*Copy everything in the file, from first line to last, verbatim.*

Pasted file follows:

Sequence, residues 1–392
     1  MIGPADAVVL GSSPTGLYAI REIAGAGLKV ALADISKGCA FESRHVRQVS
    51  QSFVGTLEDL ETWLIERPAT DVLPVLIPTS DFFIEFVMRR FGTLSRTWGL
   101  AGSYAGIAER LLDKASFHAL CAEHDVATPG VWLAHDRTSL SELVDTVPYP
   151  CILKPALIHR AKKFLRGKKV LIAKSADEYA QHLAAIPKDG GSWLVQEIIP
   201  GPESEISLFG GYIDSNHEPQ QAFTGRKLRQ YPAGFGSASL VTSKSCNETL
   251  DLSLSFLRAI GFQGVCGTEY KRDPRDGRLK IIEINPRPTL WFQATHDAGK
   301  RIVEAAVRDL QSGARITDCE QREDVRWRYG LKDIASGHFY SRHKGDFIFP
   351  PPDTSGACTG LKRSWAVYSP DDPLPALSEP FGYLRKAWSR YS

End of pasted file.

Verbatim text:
Sequence, residues 1–392
     1  MIGPADAVVL GSSPTGLYAI REIAGAGLKV ALADISKGCA FESRHVRQVS
    51  QSFVGTLEDL ETWLIERPAT DVLPVLIPTS DFFIEFVMRR FGTLSRTWGL
   101  AGSYAGIAER LLDKASFHAL CAEHDVATPG VWLAHDRTSL SELVDTVPYP
   151  CILKPALIHR AKKFLRGKKV LIAKSADEYA QHLAAIPKDG GSWLVQEIIP
   201  GPESEISLFG GYIDSNHEPQ QAFTGRKLRQ YPAGFGSASL VTSKSCNETL
   251  DLSLSFLRAI GFQGVCGTEY KRDPRDGRLK IIEINPRPTL WFQATHDAGK
   301  RIVEAAVRDL QSGARITDCE QREDVRWRYG LKDIASGHFY SRHKGDFIFP
   351  PPDTSGACTG LKRSWAVYSP DDPLPALSEP FGYLRKAWSR YS